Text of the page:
Louise's story

Hi everyone,

I’ve had VM for 6 and a half years so thought it might be useful to share some tips with people, especially those who have been diagnosed recently.

  1. Keep moving!
    I know it’s difficult. Some days it isn’t possible. Even some weeks it isn’t possible…but it is so important to keep moving. 3 years into my journey, I was diagnosed with “Vestibular migraine-associated vertigo with physical deconditioning”. The key part here is “physical deconditioning”. If you stop doing your usual tasks, it’s going to make you worse in the long run. I didn’t truly understand what this meant until I started seeing a neuro-physiotherapist last summer. This time last year, I could only manage to leave the house once a week and was very dependent on other people to take me places. Now I’m leaving the house 3 times a week and gradually increasing it to 4 times. Think baby steps: one tiny step at a time in the right direction is better than no steps at all. It’s difficult to make yourself ill to make yourself better, but it’s worth it.

  2. Get your head in the right mindset:
    I have also been seeing a neuro-psychologist. She is focusing on psychological triggers which contribute to daily dizziness: namely stress and anxiety. I became fearful of the calendar, seeing events or tasks and thinking immediately “I can’t do that”. I now see them and think “I can’t wait to do that” or “it might be difficult but I’m going to try it”. It’s so difficult when you’re anxious about doing certain activities through the fear of being ill. She’s given me tools to stop anxious thoughts before they consume me and lead to a flare up

  3. Food and drink:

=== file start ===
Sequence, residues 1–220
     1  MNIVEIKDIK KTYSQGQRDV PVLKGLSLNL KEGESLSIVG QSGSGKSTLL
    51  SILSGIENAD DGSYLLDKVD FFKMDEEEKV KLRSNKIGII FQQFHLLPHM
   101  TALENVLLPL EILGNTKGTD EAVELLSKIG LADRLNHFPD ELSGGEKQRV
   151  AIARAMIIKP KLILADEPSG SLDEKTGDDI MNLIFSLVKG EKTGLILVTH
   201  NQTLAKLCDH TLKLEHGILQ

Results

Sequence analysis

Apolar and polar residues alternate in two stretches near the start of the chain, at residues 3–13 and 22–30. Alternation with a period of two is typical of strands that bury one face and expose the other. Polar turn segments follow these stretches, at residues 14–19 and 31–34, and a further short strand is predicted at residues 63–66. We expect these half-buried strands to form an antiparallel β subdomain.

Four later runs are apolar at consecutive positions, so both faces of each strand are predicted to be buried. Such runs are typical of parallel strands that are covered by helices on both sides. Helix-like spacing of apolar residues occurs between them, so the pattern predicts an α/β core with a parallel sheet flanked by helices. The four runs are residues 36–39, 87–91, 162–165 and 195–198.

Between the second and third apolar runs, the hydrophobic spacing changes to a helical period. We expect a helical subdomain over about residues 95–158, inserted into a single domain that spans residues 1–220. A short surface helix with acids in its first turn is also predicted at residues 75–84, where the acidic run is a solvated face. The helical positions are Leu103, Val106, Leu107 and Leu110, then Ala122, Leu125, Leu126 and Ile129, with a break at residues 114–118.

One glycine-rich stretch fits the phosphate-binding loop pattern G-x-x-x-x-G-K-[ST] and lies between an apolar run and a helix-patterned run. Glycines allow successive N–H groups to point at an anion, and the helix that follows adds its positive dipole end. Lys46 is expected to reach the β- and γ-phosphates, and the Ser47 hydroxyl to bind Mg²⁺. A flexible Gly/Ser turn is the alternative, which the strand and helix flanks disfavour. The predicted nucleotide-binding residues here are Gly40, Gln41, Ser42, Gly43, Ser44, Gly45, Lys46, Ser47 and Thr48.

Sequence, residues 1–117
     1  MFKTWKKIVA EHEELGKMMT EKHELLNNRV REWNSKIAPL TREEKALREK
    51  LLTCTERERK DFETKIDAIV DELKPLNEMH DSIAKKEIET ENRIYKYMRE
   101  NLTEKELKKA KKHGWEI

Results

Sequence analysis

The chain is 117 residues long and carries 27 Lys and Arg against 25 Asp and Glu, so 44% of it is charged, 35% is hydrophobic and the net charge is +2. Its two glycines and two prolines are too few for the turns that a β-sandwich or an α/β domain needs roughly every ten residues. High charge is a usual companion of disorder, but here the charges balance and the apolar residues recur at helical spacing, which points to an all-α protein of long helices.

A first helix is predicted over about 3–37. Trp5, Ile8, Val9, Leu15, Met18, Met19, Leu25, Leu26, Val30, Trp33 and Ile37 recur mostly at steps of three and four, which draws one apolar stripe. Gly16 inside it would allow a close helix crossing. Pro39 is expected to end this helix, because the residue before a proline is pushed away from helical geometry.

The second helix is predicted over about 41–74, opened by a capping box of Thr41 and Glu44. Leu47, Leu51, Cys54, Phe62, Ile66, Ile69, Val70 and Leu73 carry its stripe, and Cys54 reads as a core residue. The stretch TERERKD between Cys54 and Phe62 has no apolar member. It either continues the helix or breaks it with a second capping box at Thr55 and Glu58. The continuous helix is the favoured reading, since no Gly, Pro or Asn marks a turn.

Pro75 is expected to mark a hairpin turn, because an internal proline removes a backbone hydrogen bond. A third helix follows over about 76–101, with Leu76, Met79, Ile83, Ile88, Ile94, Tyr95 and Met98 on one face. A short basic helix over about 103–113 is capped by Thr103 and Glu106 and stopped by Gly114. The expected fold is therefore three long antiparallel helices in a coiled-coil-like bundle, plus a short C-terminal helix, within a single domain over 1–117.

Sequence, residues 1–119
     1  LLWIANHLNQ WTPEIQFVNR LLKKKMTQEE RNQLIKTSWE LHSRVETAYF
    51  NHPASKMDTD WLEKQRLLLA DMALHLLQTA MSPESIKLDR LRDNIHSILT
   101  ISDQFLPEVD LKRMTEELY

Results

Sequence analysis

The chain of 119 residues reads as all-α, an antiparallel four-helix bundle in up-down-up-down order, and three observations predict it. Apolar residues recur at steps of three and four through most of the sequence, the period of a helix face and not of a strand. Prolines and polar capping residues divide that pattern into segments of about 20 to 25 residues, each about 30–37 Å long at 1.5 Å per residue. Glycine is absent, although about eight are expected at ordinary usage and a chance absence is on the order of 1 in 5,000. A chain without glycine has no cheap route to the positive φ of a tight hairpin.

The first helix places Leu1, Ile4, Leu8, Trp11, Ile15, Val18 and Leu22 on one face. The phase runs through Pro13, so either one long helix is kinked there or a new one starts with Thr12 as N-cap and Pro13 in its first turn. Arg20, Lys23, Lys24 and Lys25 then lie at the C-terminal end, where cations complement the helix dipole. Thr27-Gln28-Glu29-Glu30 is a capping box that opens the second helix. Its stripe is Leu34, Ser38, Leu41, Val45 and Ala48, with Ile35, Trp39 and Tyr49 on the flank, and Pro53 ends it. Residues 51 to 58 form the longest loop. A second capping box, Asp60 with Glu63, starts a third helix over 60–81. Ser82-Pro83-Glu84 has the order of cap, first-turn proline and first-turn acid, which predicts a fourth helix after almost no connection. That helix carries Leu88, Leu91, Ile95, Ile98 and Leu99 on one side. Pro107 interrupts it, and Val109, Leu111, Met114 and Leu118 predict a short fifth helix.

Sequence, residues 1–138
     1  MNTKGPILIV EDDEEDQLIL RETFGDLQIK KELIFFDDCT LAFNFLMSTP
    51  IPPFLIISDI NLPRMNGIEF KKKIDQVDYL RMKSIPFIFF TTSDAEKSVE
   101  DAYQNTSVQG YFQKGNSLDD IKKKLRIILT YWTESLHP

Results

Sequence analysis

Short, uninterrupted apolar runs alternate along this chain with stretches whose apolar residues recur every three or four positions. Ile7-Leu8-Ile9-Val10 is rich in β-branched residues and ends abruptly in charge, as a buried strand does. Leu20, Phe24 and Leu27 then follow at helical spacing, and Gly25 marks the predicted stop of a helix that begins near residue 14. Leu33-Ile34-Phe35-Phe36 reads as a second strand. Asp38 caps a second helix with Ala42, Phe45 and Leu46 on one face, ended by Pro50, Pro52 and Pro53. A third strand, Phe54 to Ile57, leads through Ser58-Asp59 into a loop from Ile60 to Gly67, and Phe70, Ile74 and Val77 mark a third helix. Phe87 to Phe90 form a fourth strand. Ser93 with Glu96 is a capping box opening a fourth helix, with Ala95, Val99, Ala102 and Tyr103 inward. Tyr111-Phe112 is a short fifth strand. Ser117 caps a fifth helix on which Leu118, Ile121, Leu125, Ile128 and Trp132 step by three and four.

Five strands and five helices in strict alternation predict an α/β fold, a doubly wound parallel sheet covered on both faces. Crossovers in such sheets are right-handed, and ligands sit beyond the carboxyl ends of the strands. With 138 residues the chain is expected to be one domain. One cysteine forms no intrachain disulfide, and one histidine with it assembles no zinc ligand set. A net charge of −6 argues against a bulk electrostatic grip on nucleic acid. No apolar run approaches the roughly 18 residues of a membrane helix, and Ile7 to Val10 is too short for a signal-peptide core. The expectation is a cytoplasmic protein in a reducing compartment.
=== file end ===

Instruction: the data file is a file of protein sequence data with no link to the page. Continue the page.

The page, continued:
2 years ago I noticed that i had a flare-up every Friday. When I thought about it, I realised that we get a takeaway every Thursday with a big pizza…which has lots of cheese on. I swapped to a wrap and onion rings and it made a huge difference. Trialling one food at a time is key, use an app like My Fitness Pal if necessary, but be kind to yourself! Don’t cut out food that you love and make yourself miserable… swap it!
    I have decaf coffee instead of caffeinated. I have cream cheese instead of cheddar. I have white chocolate (made with cocoa butter) instead of milk chocolate (made from cocoa beans which is the issue). I have green apples instead of bananas etc

  4. Meds:
    Finding the right meds is a huge factor and everyone’s experience will be different. Just don’t be afraid to re-try medicines. When I first started with VM, I expected to be cured by meds, so if they weren’t curing me 100% I tried a different one. I’m now back on old meds and am doing much better, probably 60% better with my latest combination (propranolol, amitriptyline and the mini pill), alongside physio

  5. Plan, plan, plan:
    Plan when to be well and plan when to be ill. My weeks look like this at the moment:
    Monday: Go out
    Tuesday: Stay home and rest
    Wednesday: Go out
    Thursday: Stay home and rest
    Friday: Go out
    Saturday: Stay home and rest
    Sunday: Stay home and rest
    *When I have flare ups, the plan goes out of the window and that’s ok. But this approach has allowed me to live a semi-normal life. It encourages me to leave the house and makes my illness improve by doing so

  6. Make your life easier:
    Get a dishwasher so you don’t have to stand at the sink to wash dishes. Get a kitchen stool so you don’t have to stand up while cooking. Get a shower stool or bath board if you struggle to stand in the shower. Just don’t become reliant on them. Use them when you feel that you need to, but try to stand up first

  7. Remember that you are more than your illness:
    I spent years being consumed by my illness, I let it take over my life. I resigned myself to the fact that this is how it’s going to be for the rest of my life. For the last year I’ve been taking back control of my body. I now refuse to let VM dictate 100% of my life, my husband’s life and my son’s life. It took a very long time to get to this stage so I totally appreciate that a lot of people will still be figuring things out, before they can make changes.